This is an archived release.
117 road deaths in 2015 – lowest since 1947
In 2015, 117 persons were killed in 102 fatal accidents on Norwegian roads. This was 30 fewer fatalities than in 2014. A total of 693 were severely injured, 19 more than the year before. The risk of being killed or seriously injured in a road traffic accident in Norway is among the lowest in the world.
|2015||Average last 5 years|
|Killed||Severely injured||Killed||Severely injured|
|Group of road user|
|Drivers of car||57||224||75||255|
|Passengers of car||19||95||25||123|
|Drivers and passengers on motorcycle and moped||21||155||21||124|
|Cyclists, pedestrians and persons sledging||17||203||27||173|
|65 years or older||24||121||36||103|
The number of fatalities in traffic continues to fall despite a steady growth in traffic and number of vehicles. In 2011, traffic fatalities totalled 168, making this the first year in recent times where the number of road fatalities was under 200. Except in 2013, when the number increased to 187, there has been a steady decline ever since.
Contrary to the trend of decreasing fatalities, the preliminary figures for 2016 show that the number of road fatalities has increased this year so far; in the first four months, 39 people lost their lives compared with 27 last year.
Lowest in Scandinavia
The risk of being killed in traffic, measured as the number of fatalities per 100 000 inhabitants, has traditionally been slightly lower in Sweden than Norway. A total of 117 fatalities corresponded to 2.2 fatalities per 100 000 inhabitants. In Sweden, 259 persons were killed in last year's traffic, equivalent to 2.6 fatalities per 100 000 inhabitants. The corresponding risk in Denmark and Finland was 3.1 and 4.7 respectively.
Second lowest in Europe
The most complete accident statistics for the 28 EU countries are from 2014. In 2014, Norway’s 147 fatalities corresponded to a risk of 2.8 fatalities per 100 000 inhabitants. The lowest was Malta, with 2.4. This was followed by Sweden and Norway, with 2.8 each. The highest risk was in Latvia, with 10.6 fatalities per 100 000 inhabitants. To illustrate the disparity this entails, the number of fatalities in Norway would be 527 in 2014 with the Latvian risk exposure.
In total, 25 928 people were killed in road accidents in the 28 EU countries in 2014. The four countries Germany, France, Italy and Poland had about 3 300 traffic fatalities each, and accordingly accounted for just over half of all fatalities this year.
The number of severely injured increasing
The number of people severely injured in traffic accidents is decreasing, however this trend has more or less flattened out in recent years. In 2015, 693 people were severely injured, which is 19 more than the year before. The number has remained fairly stable at around 700 in the past five years.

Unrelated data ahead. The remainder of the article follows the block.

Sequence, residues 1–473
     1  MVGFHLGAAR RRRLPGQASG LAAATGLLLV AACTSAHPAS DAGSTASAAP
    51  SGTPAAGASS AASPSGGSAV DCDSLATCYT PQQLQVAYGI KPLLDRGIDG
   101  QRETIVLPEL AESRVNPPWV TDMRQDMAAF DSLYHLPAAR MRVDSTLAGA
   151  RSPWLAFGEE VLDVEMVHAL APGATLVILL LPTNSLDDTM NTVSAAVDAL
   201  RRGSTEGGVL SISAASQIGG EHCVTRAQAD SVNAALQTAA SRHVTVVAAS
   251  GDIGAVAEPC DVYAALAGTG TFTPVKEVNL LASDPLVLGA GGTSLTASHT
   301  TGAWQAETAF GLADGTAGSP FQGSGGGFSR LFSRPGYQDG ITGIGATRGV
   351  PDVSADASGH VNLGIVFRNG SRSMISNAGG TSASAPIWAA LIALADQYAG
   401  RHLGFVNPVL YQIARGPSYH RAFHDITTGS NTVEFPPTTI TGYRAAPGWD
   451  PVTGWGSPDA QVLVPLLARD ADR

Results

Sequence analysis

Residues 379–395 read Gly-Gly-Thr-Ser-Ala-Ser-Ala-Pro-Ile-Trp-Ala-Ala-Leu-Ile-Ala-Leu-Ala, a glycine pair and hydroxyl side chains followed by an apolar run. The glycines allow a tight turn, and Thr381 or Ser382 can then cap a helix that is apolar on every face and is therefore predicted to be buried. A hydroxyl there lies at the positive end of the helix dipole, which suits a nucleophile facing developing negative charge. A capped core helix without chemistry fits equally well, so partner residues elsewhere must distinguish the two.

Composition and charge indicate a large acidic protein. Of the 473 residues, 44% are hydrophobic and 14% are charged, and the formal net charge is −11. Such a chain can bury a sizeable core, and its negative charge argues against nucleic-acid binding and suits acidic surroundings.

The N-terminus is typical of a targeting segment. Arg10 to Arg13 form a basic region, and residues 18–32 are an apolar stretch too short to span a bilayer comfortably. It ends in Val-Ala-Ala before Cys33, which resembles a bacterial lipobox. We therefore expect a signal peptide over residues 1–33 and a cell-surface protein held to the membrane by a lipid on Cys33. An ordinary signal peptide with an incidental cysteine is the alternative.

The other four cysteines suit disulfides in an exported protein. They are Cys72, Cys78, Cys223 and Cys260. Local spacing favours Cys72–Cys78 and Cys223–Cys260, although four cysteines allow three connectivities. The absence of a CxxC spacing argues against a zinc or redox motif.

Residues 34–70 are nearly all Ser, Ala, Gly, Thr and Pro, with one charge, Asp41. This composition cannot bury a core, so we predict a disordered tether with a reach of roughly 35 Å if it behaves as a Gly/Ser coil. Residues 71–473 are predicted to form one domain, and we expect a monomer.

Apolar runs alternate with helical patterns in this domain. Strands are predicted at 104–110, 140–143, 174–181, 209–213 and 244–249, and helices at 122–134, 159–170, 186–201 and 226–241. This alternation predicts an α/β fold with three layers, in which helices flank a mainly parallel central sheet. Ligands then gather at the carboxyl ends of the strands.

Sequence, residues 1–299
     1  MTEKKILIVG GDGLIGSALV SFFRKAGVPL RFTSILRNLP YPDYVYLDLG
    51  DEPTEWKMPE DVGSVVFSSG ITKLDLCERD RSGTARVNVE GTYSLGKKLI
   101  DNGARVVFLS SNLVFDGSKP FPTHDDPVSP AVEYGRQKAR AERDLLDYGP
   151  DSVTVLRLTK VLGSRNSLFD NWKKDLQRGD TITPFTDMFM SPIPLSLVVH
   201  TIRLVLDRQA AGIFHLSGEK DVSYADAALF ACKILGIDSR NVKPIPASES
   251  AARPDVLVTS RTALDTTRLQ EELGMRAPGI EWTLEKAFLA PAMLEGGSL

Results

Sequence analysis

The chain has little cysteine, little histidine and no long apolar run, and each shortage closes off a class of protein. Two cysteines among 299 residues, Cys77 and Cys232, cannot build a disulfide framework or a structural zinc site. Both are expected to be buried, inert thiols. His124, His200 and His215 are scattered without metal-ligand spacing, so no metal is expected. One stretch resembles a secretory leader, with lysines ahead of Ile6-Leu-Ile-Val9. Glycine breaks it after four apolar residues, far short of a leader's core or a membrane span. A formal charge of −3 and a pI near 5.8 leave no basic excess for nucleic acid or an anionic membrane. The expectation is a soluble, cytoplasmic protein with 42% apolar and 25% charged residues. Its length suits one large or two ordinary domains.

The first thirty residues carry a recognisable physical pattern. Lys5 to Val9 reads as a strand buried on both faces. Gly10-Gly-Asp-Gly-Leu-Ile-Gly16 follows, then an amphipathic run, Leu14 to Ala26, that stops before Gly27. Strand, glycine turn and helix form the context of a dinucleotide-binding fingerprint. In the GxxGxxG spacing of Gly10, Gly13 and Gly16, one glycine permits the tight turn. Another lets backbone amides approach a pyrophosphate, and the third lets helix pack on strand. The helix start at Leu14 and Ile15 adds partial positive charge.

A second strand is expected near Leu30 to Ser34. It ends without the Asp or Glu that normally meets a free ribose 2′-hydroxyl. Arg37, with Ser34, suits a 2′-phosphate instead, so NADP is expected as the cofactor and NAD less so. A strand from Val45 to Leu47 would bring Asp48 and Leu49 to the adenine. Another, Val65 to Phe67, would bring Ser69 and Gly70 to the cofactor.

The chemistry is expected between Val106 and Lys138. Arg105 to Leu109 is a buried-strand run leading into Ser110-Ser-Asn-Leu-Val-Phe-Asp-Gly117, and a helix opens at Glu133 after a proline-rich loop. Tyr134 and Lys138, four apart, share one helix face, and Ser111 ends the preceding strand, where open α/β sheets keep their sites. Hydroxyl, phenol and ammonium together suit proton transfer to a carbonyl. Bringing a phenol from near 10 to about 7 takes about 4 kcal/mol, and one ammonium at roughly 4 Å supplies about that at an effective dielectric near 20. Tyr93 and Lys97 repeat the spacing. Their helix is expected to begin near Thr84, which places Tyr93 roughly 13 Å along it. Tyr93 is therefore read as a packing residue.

The number of slight injuries has also been significantly reduced in recent years. In 2015, 4 831 persons were slightly injured, compared with 5 397 the year before. In 2011, the corresponding figure was 7 009. For slight injuries, we know there is a large degree of under-reporting, since many do not report these accidents to the police. However, we have no reason to believe that the proportion of non-reporting has changed significantly over the period.
Pedestrians and cyclists exposed in urban areas
Of the117 who were killed in traffic in 2015, 22 lost their lives within urban areas; 9 were pedestrians and 3 were cyclists.
Most fatal accidents happen outside urban areas. Ninety-five people were killed here, and the vast majority (73 per cent) were involved in either a single accident or head-on-collision, corresponding to 38 and 31 fatalities respectively.
Few children were killed
Only 4 children and young people under 18 were killed in traffic accidents last year, compared to 9 in 2014. Twenty-four people aged 65 or older were killed, which is half compared to the 47 killed in 2014. In the age group 45-64, 30 lost their lives, compared to 44 in 2014. The picture is less positive for 18-19 year-olds and 20-24 year-olds. Fifteen in the age group 18 to 19 were killed last year compared to 6 in 2014. For persons aged 20 to 24, there was an increase in the number of road fatalities from 12 to 16.
Most lost their lives in Oppland
Twelve people lost their lives in Oppland traffic in 2015, while nine died in Nordland.
More killed on heavy motorcycles
Twenty motorcyclists were killed in traffic last year compared with 16 in 2014. This represents 17 per cent of all traffic fatalities in 2015. The number of pedestrians and cyclists killed in traffic was reduced from 30 in 2014 to 17 last year. Seventy-six of those who died last year were either the driver or a passenger in a car. This represents 65 per cent of the fatalities, compared with 60 per cent in 2014.
Serious lorry accidents
Sixteen people were killed in accidents involving lorries in 2015, compared with 17 in 2014.